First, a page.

United States District Court, S.D. Indiana, Indianapolis Division
ENTRY DENYING MOTION FOR RELIEF PURSUANT TO 28 U.S.C.
§ 2255 AND DENYING CERTIFICATE OF APPEALABILITY
motion of Petitioner Darryl Taylor for relief pursuant to 28
U.S.C. § 2255 challenges his sentence pursuant to the
Supreme Court's decision in Johnson v. United
States, 135 S.Ct. 2551 (2015). For the reasons
explained, his motion for relief must be
denied and the action dismissed with
prejudice. In addition, the Court finds that a certificate of
appealability should not issue.
The § 2255 Motion
February 2009, Mr. Taylor was found guilty by a jury of two
counts of armed robbery, in violation of 18 U.S.C. §
1951(a) (“Hobbs Act robbery”), and two counts of
brandishing a firearm during and in relation to a crime of
violence, in violation of § 924(c). Mr. Taylor was
sentenced to 444 months' imprisonment (24 months on each
of Counts 1 and 3, to be served concurrently; 120 months on
Count 2, to be served consecutively; and 300 months on Count
4, to be served consecutively.) Mr. Taylor appealed and the
Seventh Circuit affirmed Mr. Taylor's conviction and
sentence. United States v. Taylor, 604 F.3d 1011
(7th Cir. 2010).
Taylor filed a post-conviction motion claiming ineffective
assistance of counsel and that motion was subsequently
denied. On June 2, 2016, the Seventh Circuit authorized Mr.
Taylor to file a second or successive motion pursuant to 28
U.S.C. § 2255(h) to argue that attempted Hobbs Act
Robbery no longer qualifies as a predicate crime of violence
for § 924(c). On June 15, 2016, Mr. Taylor filed a
second § 2255 motion.
Supreme Court in Johnson held that the so-called
residual clause of the Armed Career Criminal Act
(“ACCA”) was unconstitutionally vague. The
Seventh Circuit recently summarized Johnson's
impact on the ACCA:
The [ACCA] . . . classifies as a violent felony any crime
that “is burglary, arson, or extortion, involves use of
explosives, or otherwise involves conduct that presents a
serious potential risk of physical injury to another”.
The part of clause (ii) that begins “or otherwise
involves” is known as the residual clause.
Johnson holds that the residual clause is
Stanley v. United States, 827 F.3d 562, 564 (7th
Cir. 2016). Johnson's holding is a new rule of
constitutional law that the Supreme Court made retroactive in
Welch v. United States, 136 S.Ct.1257 (2016).
See Holt v. United States, 843 F.3d 720, 722 (7th
Johnson, defendants across the country have
challenged their convictions and sentences under statutes
that have the same or similar language as the ACCA's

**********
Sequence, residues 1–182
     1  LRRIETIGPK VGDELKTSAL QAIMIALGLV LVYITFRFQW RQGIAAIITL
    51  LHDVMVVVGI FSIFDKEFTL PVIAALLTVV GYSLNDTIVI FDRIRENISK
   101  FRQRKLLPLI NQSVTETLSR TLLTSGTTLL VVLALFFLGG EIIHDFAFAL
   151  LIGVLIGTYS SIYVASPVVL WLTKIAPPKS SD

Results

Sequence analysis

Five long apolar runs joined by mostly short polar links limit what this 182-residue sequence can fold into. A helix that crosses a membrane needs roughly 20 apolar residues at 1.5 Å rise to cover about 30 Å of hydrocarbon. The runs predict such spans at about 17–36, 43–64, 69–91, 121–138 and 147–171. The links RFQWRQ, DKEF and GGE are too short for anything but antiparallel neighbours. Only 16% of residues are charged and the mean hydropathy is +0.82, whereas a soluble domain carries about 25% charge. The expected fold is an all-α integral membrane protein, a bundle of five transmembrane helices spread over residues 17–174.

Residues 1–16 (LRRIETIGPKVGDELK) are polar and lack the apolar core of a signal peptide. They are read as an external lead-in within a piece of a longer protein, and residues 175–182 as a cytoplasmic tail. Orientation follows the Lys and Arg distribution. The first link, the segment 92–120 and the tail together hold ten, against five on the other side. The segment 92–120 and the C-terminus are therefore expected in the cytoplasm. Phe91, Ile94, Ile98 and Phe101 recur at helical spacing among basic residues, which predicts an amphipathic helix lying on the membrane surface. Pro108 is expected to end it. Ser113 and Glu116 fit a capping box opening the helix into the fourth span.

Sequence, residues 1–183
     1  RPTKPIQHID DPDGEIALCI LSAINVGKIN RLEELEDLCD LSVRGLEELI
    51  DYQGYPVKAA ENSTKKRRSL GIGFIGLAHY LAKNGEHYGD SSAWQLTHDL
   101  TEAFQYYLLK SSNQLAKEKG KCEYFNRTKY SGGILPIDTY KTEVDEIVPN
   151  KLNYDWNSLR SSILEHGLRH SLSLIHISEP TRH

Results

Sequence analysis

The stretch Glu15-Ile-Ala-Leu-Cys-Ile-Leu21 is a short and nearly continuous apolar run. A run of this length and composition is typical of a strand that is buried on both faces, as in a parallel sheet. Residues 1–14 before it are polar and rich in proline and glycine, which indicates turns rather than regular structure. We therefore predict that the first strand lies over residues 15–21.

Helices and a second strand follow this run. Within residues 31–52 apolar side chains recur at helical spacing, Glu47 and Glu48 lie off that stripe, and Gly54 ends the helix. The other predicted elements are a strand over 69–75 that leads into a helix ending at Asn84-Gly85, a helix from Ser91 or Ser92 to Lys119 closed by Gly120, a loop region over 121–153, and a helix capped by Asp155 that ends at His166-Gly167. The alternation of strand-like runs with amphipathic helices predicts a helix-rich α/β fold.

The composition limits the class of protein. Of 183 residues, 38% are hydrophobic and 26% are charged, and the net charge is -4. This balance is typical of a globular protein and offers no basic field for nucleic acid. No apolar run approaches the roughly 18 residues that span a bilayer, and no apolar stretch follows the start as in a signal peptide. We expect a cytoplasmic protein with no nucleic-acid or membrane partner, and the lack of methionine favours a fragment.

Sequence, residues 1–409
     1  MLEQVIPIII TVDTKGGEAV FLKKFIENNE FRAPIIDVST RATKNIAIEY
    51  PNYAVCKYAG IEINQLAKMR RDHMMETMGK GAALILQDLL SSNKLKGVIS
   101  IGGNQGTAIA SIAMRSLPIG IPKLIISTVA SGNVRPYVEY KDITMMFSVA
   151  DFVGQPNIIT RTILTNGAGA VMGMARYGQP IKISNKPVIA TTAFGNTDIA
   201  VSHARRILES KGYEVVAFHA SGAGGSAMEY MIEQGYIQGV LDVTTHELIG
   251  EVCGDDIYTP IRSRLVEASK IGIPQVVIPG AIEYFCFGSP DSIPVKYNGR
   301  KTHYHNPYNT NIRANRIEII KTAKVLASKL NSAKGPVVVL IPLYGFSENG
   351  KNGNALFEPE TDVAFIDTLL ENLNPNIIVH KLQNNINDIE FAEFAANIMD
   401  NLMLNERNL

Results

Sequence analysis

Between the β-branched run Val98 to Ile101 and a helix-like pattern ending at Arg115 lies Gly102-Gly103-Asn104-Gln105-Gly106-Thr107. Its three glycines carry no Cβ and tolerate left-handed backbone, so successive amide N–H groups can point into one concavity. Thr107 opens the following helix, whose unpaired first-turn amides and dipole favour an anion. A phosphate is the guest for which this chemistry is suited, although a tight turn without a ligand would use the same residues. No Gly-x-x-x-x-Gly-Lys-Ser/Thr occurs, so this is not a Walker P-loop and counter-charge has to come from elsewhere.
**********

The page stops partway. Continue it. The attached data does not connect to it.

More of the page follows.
residual clause, arguing that those statutes must likewise be
unconstitutionally vague. Mr. Taylor raises one variant of
this argument, challenging the residual clause found in
924(c)(1)(A) imposes minimum sentences for possessing,
brandishing, or discharging a firearm “in relation to
any crime of violence or drug trafficking crime.” 18
U.S.C § 924(c)(1)(A). Section 924(c)(3) of the statute
defines “crime of violence” to include any felony
that either “(A) has as an element the use, attempted
use, or threatened use of physical force against the person
or property of another, ” often referred to as the
elements clause or force clause, or “(B) by its nature,
involves a substantial risk that physical force against the
person or property of another may be used, ” referred
to as the residual clause.
Taylor argues that his convictions for brandishing a firearm
during a crime of violence under 18 U.S.C. §
924(c)(1)(A)(ii), which are predicated on Hobbs Act robbery
as the crime of violence, are no longer valid in light of
Johnson. Specifically, Mr. Taylor argues that his
Hobbs Act robberies, 18 U.S.C. § 1951, do not qualify as
a crimes of violence under the force clause and that
Johnson invalidated any convictions under the
Seventh Circuit has held that Johnson's holding
extends to and therefore invalidates the residual clause in
§ 924(c)(3). See United States v. Cardena, 842
F.3d 959, 996 (7th Cir. 2016) (“[W]e hold that the
residual clause in 18 U.S.C. § 924(c)(3)(B) is also
unconstitutionally vague.”). However, the Seventh
Circuit has held that Hobbs Act robbery constitutes a crime
of violence under the force clause. See United States v.
Anglin, 846 F.3d 954, 965 (7th Cir. 2017) (“Hobbs
Act robbery is a ‘crime of violence' within the
meaning of § 92(c)(3)(A).”); see also
United States v. Rivera, 847 F.3d 847, 849 (7th Cir.
2017) (holding that the Supreme Court's decision in
Mathis v. United States, 136 S.Ct. 2243 (2016), does
not undermine the holding of Anglin that Hobbs Act
robbery constitutes a crime of violence under the force
clause of § 924(c)(3)). Therefore, even though
Johnson invalidated § 924(c)(3)'s ...